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We cannot shield children and teenagers from the reality of death or the pain of loss. What we can do is accompany them on their journey through grief with informed support, information and encouragement.
Posted on Tuesday 19 December 2017
Death is an inevitable part of life and grief is a universal human process. We cannot shield children and teenagers from the reality of death or the pain of loss. What we can do is accompany them on their journey through grief with informed support, information and encouragement.
Adults instinctively want to shield or protect young people from death. We can't fix or reverse what has happened but we can do our best to help them through the reality of this difficult time in an honest and open manner.
The Barnardos Bereavement Helpline (01 4732110) was established in January 1998 and operates from 10am to 12 noon, Monday -Thursday.
This Helpline service, manned by trained volunteers, is a confidential national service, available to parents /carers, professionals and the general public who may have a concern for a bereaved child.
The majority of the calls received are from parents or extended family members following a death. If there has been a terminal diagnosis some families seek support in advance of the death. Having information in advance can often minimize anxieties about the correct way to respond to a bereaved child. Various studies have highlighted that unsupported bereavement in childhood may affect psychological development, however many bereaved children adjust to their loss without professional intervention. People in close contact with the child, be they parent, teachers, or relatives, may help to minimize the risk of problems arising, by giving age appropriate information, addressing fears and anxieties, and offering reassurance and support.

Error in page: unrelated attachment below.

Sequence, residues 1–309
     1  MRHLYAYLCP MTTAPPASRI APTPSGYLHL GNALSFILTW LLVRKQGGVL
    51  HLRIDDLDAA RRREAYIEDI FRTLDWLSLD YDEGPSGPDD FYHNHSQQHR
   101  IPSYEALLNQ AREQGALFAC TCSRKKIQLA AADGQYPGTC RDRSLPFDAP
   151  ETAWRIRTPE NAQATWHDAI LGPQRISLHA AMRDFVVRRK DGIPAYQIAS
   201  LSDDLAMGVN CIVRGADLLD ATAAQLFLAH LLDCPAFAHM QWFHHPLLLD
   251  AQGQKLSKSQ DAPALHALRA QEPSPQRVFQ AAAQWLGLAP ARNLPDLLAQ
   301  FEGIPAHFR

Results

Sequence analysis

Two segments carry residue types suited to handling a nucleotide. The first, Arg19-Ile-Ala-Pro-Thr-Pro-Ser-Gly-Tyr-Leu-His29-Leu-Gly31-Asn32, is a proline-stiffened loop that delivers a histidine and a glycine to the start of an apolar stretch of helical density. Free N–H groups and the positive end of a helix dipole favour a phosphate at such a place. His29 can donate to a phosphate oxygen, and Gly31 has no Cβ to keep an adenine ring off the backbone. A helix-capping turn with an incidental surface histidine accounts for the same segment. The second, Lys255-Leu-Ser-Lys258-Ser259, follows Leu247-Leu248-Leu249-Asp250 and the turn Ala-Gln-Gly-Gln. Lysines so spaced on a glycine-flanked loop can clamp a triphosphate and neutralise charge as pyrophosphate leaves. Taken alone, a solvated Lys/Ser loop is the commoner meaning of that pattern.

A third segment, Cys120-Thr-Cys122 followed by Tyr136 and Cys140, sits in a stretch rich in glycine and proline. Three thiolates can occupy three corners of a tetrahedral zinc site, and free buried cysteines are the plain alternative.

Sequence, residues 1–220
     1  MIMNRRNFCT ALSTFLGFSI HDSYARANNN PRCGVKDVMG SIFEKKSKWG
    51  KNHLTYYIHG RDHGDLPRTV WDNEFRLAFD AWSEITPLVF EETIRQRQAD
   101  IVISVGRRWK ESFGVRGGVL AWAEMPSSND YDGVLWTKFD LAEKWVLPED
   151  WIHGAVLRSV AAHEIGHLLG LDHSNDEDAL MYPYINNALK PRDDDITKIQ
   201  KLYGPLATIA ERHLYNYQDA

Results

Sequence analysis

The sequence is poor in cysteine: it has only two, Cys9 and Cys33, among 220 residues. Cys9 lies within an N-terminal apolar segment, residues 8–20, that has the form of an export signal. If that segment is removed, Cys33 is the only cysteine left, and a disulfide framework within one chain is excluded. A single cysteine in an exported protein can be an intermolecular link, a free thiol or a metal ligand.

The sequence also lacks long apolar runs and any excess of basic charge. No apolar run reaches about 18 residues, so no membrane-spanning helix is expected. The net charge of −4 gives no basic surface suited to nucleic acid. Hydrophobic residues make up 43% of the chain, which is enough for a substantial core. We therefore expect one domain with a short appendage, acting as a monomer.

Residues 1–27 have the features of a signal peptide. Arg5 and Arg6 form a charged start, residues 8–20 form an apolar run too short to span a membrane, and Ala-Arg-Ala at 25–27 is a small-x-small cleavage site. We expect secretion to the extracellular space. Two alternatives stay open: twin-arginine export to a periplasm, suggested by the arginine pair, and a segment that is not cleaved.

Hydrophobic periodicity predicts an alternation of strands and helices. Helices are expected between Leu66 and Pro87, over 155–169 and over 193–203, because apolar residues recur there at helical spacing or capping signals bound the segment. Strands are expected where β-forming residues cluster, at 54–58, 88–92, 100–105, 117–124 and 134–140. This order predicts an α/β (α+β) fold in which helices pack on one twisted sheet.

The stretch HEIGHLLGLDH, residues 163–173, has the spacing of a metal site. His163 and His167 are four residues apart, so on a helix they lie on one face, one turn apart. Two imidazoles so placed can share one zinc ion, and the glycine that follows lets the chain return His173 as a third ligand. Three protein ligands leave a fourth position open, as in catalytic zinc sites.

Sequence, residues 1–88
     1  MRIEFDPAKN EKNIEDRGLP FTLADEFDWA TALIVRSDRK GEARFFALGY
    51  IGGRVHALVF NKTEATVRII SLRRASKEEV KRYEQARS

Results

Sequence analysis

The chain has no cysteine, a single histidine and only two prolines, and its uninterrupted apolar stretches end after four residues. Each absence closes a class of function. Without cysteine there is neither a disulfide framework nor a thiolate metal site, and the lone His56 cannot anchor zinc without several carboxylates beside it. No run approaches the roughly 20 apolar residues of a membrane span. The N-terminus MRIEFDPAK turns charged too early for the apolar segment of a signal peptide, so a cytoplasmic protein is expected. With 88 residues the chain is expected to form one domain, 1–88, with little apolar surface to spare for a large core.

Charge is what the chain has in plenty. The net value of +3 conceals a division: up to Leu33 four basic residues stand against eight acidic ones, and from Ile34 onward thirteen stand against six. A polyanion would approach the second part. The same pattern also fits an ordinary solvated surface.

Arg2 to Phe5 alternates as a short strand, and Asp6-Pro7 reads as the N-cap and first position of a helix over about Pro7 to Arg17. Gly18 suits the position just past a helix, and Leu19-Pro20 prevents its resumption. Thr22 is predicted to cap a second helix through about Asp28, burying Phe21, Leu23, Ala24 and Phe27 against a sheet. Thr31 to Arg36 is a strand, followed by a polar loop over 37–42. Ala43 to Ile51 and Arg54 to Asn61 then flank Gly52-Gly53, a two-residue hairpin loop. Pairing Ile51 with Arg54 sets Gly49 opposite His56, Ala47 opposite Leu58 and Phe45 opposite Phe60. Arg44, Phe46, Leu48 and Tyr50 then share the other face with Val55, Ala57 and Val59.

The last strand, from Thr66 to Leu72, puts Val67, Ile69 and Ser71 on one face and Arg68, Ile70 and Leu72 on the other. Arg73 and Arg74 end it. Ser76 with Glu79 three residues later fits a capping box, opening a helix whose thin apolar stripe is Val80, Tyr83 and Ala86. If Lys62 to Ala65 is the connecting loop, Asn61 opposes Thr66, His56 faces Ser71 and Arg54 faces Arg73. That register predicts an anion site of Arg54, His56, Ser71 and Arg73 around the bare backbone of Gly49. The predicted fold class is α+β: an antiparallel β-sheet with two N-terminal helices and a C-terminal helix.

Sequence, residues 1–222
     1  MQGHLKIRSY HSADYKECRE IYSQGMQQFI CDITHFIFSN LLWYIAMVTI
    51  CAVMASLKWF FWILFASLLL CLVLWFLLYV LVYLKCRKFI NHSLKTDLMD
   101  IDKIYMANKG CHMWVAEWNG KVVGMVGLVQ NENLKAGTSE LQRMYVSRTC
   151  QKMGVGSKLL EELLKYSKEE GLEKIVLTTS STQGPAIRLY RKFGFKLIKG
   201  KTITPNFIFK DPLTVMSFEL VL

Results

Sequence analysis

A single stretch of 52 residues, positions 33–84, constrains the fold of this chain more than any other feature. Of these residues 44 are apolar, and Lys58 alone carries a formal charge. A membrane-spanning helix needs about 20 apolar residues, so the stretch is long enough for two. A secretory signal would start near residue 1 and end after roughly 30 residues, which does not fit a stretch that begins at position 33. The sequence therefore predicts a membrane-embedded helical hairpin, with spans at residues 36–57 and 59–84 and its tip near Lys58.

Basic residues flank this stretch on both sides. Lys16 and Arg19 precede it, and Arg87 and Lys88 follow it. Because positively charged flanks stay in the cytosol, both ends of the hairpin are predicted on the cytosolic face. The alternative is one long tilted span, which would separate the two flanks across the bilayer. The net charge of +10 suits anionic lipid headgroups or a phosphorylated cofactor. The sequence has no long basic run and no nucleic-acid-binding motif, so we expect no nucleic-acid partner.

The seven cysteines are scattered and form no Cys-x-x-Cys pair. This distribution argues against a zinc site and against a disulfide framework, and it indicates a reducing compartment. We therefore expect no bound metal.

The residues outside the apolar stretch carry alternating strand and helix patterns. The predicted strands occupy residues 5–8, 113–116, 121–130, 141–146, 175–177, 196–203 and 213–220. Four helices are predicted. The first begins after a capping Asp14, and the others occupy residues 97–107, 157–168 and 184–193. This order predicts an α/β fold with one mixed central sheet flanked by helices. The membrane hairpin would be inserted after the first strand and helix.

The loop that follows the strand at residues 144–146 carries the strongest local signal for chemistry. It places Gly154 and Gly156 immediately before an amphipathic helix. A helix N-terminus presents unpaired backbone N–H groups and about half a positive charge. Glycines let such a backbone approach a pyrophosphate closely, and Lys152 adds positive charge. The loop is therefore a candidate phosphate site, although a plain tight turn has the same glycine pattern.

The Helpline Volunteers talk through problems and situations which the caller might find difficult, e.g. "Should I bring my child to the funeral?" "Should I let the children see the body?" "My child is asking a lot of questions which I don't know how to answer" "How do I tell my child that her mother ended her own life?"
The Helpline volunteer can explore these issues offering advice, information and support, followed up with relevant literature by post. Very often this is exactly what a caller needs to help them through a difficult time. Only one third of our callers require a therapeutic intervention which means that two thirds receive enough information and support from the volunteer to manage a difficult situation. The caller may also need support to ascertain if the child's reactions are normal or if they need further professional intervention. If that is the case, the adult caller can make the referral to the Therapeutic
Bereavement Service via the Helpline.
An ability to self-care is always important when we are reaching out to others. Every month the volunteers meet with the Helpline Coordinator for support in the work and have the social cuppa and chat. This is a vital component in the work as volunteers are working on the Helpline alone. Getting together for supervision, debriefing and support is really important, as listening to sad and possibly distressed callers can take its toll.